Discrimination in salaries is a growing concern in many companies, where certain individuals are paid less due to factors unrelated to their job performance, such as race, gender, and education. In this STATA assignment, we investigate whether wage discrimination exists at SAFECORP. Specifically, we aim to identify if there is a salary gap between minority and majority employees and determine the key factors influencing wages.
Wage discrimination in the workplace, which involves paying certain individuals less based on non-job-related attributes, is a major concern in various companies. It limits the development of employees' talents and skills, hampers motivation, and creates an uneven career landscape. In this memo, we examine the possibility of salary discrimination at SAFECORP. Our analysis investigates whether a wage gap exists between minority and majority employees, explores which employee characteristics affect salaries, and assesses whether these differences can explain variations in wages.
Data and Methodology
We conducted our analysis using a random sample of 474 employee records. We focused on employees' annual salaries as the primary outcome. The following individual characteristics were considered as explanatory factors: work experience, current position at SAFECORP, highest grade of formal education completed, gender, and minority status. Our analysis employed various statistical tests, including t-tests for salary comparisons, Pearson's Chi-square test for differences in characteristics, and regression analysis to explain salary disparities among minority employees.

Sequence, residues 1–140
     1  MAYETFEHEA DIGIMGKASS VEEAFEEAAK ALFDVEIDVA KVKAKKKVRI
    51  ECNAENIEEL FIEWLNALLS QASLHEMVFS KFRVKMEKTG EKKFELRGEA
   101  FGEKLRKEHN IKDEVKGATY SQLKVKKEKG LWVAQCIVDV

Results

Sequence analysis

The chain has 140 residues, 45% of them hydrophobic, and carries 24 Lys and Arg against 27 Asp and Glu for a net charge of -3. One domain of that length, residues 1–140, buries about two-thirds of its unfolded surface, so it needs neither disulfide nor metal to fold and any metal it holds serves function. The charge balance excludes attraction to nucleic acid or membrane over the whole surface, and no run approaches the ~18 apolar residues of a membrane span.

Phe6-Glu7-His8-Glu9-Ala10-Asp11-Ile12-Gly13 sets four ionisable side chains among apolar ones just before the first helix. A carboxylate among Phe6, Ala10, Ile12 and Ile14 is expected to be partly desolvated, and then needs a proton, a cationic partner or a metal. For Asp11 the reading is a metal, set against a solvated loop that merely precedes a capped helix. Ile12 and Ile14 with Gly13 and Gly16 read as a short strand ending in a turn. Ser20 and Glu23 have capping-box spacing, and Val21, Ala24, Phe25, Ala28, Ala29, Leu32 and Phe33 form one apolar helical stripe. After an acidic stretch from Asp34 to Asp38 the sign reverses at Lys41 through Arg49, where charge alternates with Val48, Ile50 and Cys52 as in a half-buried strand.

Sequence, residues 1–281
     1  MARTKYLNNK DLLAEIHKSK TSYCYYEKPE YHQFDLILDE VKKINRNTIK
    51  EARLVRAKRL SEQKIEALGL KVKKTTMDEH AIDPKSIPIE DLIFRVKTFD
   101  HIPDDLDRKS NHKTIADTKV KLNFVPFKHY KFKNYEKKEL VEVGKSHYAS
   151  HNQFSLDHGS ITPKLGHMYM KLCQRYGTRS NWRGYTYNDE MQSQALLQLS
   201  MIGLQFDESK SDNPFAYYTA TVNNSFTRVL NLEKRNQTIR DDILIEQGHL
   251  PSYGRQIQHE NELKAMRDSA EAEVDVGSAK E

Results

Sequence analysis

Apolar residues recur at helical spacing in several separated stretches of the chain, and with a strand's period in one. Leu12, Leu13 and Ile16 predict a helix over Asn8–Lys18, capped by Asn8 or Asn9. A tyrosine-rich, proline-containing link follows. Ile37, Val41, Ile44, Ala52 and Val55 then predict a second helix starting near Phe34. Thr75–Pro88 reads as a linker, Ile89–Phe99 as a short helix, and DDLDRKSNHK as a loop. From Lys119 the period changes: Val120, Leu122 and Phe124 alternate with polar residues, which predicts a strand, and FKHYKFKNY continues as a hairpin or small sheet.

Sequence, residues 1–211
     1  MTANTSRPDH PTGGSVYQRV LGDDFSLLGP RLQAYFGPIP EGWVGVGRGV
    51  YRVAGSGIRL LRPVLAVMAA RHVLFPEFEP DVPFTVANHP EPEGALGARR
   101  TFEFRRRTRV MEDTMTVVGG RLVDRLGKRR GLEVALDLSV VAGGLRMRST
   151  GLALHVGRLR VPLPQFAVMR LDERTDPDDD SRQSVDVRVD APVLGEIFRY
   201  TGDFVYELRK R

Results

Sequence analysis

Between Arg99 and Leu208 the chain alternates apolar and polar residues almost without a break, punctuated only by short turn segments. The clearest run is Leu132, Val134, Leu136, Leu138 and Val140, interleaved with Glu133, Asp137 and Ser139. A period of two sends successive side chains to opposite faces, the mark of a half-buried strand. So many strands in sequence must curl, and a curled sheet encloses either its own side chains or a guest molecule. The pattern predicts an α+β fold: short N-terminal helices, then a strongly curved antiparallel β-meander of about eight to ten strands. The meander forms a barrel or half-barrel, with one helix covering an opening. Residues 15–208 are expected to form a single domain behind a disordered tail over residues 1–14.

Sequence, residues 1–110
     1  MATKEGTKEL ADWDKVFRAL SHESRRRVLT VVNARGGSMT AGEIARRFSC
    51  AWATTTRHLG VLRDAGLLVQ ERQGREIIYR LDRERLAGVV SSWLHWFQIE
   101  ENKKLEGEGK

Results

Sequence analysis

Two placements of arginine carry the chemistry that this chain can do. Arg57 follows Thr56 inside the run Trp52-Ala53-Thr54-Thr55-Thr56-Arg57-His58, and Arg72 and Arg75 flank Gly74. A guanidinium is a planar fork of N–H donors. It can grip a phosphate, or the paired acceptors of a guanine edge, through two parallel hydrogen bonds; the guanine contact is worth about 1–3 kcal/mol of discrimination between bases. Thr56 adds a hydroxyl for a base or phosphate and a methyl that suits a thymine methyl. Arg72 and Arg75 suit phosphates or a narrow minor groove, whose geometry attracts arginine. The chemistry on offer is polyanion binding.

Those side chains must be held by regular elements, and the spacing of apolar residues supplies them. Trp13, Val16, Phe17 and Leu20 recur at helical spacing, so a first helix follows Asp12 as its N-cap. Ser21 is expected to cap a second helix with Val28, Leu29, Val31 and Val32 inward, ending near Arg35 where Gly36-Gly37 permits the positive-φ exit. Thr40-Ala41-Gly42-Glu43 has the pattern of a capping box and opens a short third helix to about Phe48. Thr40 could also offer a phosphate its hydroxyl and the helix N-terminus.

- Salary Disparities
- The average annual salary for majority employees is approximately $72,046.6, while minority employees earn an average of $57,427.9. The absolute difference in annual average wages across the two groups is $14,618.7, which is statistically significant.
- Correlations reveal that current position and education level are positively associated with salaries. Managers tend to earn more than clerical and custodial workers. Employees with higher education levels also earn more.
- Work experience has a negligible association with remuneration, and gender is negatively associated with salaries. Male workers receive higher pay than female workers on average.
- Gender imbalance: The minority group consists of 61.5% males and 38.5% females, while the majority group is more evenly distributed, with 52.4% males and 47.6% females.
- Education: The minority and majority groups have similar education levels, with minor differences that are not statistically significant.
- Position: A significant difference exists in employee positions at SAFECORP. Only 3.8% of minorities hold managerial positions, compared to 21.6% in the majority group.
- Holding a managerial position at SAFECORP is associated with a $53,717.0 higher salary compared to being a clerical worker.
- Gender-based discrimination: Being a female worker is associated with $10,965.6 less salary than being a male worker. Gender discrimination somewhat mitigates the wage gap but is insufficient to ensure salary equality at SAFECORP.
In conclusion, our analysis indicates a significant wage gap between minority and majority employees at SAFECORP. Employee characteristics such as current position, education level, and gender play crucial roles in determining average salaries. Years of experience have minimal impact on remuneration. Differences in position and gender between the majority and minority groups significantly contribute to wage disparities. Position discrimination exacerbates the wage gap, while gender-based discrimination slightly mitigates it.
Figure 1: Average Annual Salaries of Majorities and Minorities ($)
Source: SAFECORP and authors’ calculations P-value < 0.01 for t-test of the difference in average annual salaries for majorities and minorities.
Table 1. Correlation of Average Annual Salaries and Characteristics of Employees
|Annual Salary||Work Experience||Position||Gender||Education Level|
Table 2. Basic Characteristics of Majority and Minority Employees
|Characteristic||Majority Employees (%) (n = 370)||Minority Employees (%) (n = 104)|
Source: SAFECORP and authors’ calculations p < 0.01, ** p < 0.05, *** p < 0.10 for a chi-square test of the association of this characteristic with majorities versus minorities comparison